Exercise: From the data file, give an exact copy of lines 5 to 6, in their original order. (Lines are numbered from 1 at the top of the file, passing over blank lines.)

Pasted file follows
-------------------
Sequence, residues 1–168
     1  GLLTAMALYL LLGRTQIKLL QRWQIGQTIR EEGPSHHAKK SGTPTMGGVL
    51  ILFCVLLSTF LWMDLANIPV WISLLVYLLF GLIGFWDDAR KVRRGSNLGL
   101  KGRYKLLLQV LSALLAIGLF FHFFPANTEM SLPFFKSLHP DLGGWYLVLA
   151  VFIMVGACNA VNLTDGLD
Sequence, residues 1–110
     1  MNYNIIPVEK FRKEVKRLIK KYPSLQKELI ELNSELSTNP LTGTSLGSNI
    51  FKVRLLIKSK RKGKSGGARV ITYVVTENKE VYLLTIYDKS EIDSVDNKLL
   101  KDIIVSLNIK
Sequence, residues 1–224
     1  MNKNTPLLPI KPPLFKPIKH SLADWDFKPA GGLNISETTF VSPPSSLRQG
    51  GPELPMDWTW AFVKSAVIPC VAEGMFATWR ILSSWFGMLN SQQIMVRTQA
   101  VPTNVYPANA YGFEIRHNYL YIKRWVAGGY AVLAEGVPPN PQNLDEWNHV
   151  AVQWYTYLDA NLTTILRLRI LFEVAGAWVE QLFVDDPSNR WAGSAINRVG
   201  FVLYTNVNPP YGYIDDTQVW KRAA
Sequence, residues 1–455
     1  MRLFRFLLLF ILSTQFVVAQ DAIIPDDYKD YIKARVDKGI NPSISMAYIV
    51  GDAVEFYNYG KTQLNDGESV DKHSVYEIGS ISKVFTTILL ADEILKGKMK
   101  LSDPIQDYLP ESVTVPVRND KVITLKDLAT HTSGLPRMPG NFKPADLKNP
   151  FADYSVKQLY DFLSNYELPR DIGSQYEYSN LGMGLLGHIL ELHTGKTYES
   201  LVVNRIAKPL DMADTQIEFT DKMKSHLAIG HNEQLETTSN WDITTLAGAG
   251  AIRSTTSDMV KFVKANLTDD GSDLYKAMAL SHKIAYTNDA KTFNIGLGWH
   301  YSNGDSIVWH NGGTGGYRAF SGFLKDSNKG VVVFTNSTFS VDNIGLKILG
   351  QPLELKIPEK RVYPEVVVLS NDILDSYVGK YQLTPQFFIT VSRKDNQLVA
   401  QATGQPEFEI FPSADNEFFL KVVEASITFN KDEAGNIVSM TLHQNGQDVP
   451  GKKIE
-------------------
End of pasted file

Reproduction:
   151  VFIMVGACNA VNLTDGLD
Sequence, residues 1–110